Washington Post staff writers Anne Kornblut and Ashley Halsey cite “experts” six times in a story today about the nascent pendulum swing in airport security policy back toward government investigation of travelers.
“[M]ore than a dozen U.S. officials, lawmakers and experts interviewed said they would like to move to a system that relies more on passenger data than on airport checkpoint screening,” they write. “[I]f the security system were allowed to access even more — such as personal information collected by companies that do credit ratings — suspicious passengers would be more readily identified, experts say.”
Without irony, they cite these methods as a way of closing gaps in current airport security. But no system would be quite so gapped as a system of mass investigations. As I wrote recently with regard to the “Trusted Traveler” notion, which has the same provenance:
[P]recisely what biographical information assures that a person is “good”? (The proposal is for government action: it would be a violation of due process to keep the criteria secret and an equal protection violation to unfairly divide good and bad.) How do we know a person hasn’t gone bad from the time that their goodness was established?
Kornblut and Halsey have turned up what appears to be a new idea by citing only experts who have not thought through the weaknesses, due process issues, and privacy costs in identity-based security. Mass investigation of air travelers is rebranded dog food. We don’t need to run to the bowl and drive our snouts into it.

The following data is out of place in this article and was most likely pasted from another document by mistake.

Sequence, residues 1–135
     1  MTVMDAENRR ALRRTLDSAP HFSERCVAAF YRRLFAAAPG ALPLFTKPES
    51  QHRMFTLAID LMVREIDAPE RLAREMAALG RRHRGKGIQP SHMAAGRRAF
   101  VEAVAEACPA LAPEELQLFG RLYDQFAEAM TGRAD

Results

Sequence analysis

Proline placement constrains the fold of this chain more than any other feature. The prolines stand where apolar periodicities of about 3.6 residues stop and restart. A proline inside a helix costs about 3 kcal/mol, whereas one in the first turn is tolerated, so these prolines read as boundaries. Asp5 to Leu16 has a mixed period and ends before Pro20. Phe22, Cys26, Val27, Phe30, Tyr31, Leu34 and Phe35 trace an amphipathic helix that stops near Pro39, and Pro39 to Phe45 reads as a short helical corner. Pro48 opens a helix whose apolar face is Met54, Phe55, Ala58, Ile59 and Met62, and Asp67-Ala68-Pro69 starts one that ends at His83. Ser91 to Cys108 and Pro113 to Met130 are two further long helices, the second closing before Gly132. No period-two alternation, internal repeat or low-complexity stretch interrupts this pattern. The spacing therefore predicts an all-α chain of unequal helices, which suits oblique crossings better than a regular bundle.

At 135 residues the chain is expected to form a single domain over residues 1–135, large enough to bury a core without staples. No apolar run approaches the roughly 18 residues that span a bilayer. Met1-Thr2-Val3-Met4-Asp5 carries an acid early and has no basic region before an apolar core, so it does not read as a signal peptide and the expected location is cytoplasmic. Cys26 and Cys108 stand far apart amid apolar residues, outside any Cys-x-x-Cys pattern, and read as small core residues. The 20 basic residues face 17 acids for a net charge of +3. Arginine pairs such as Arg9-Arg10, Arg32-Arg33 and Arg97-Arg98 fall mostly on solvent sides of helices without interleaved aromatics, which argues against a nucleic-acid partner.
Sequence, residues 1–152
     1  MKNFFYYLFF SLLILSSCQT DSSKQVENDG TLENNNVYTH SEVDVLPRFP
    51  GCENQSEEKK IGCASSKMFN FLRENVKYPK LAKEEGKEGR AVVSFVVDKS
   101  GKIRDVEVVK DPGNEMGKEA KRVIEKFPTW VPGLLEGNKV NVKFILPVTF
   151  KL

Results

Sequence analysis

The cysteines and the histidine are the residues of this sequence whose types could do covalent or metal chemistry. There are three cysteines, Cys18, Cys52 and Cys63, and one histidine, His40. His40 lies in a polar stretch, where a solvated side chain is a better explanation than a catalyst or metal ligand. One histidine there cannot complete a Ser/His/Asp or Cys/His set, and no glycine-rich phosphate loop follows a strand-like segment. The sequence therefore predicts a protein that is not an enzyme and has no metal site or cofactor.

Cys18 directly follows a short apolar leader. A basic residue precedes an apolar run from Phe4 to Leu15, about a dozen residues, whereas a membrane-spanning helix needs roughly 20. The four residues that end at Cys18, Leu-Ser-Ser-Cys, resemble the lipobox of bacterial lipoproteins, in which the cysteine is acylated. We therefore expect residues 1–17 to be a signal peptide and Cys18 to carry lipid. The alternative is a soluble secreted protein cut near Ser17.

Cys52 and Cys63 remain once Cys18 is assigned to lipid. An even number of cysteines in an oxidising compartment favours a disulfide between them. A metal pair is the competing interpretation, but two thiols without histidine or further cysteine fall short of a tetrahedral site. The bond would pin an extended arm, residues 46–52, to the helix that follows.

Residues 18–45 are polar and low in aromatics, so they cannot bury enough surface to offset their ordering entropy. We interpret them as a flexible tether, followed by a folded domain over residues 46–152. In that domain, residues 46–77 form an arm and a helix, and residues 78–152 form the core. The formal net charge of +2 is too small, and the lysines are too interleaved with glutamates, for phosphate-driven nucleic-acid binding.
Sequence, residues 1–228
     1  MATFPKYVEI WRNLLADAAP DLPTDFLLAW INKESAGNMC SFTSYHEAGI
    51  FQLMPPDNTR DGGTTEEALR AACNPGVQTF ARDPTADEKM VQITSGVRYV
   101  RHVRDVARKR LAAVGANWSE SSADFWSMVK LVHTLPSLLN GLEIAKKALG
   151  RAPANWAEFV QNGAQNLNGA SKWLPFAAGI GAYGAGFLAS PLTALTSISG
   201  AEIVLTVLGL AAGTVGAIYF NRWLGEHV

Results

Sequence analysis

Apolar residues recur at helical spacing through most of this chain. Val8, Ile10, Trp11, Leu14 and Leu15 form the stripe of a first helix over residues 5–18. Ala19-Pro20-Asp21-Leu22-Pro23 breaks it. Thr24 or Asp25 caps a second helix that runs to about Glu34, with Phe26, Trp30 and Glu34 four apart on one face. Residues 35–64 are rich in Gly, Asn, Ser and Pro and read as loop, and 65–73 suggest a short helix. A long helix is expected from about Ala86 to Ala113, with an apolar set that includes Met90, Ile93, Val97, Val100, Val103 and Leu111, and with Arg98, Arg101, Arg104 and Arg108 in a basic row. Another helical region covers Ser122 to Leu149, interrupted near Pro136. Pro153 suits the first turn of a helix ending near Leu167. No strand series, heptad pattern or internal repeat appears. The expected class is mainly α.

Continuing the canine analogy, note how much tail-chasing there is in airport security policy. Kornblut and Halsey write:
[P]assengers must surrender sharp objects (a response to the Sept. 11 attacks) and slip off their shoes (a response to the 2001 would-be shoe bomber). They must remove liquids from their bags (a result of a 2006 plot to blow up planes), and, as of a few weeks ago, they must submit to body scans or pat-downs (a process accelerated by the attempted airline bombing last Christmas Day).
Terrorists can throw new tactics at us endlessly, causing us each time to add billions more in spending and undercut our liberty and prosperity.
The reason for the tail-chasing is the formulation reported in a companion piece to the main story:
“The terrorists just have to get it right once. The people who are trying to stop them can get it right 99.9 percent of the time and then when something happens, people get upset and want to vote out of office the people they hold responsible.”
It’s nice to see this formulation racheted back to where terrorism threatens politicians. In other versions, the success of any attack has been treated as a threat to the whole nation—an “existential” threat, no less. But even as to politicians, it’s not a given of terrorism that “they only have to get it right once.” It’s only true if politicians (lie to us and) promise that terrorists will have zero successes, treating our nation as so fragile and weak that the fragile-America prophecy self-fulfills.
The alternative is to adopt a national mind-set of indomitability rather than fragility. It is risk acceptance when the costs of risk avoidance are too high.
Cato has hosted true experts on terrorism and counterterrorism at two significant conferences, one in January 2009 and another in January 2010. A good framework for re-thinking counterterrorism policy can be found in the Cato book, Terrorizing Ourselves: Why U.S. Counterterrorism Policy is Failing and How to Fix It.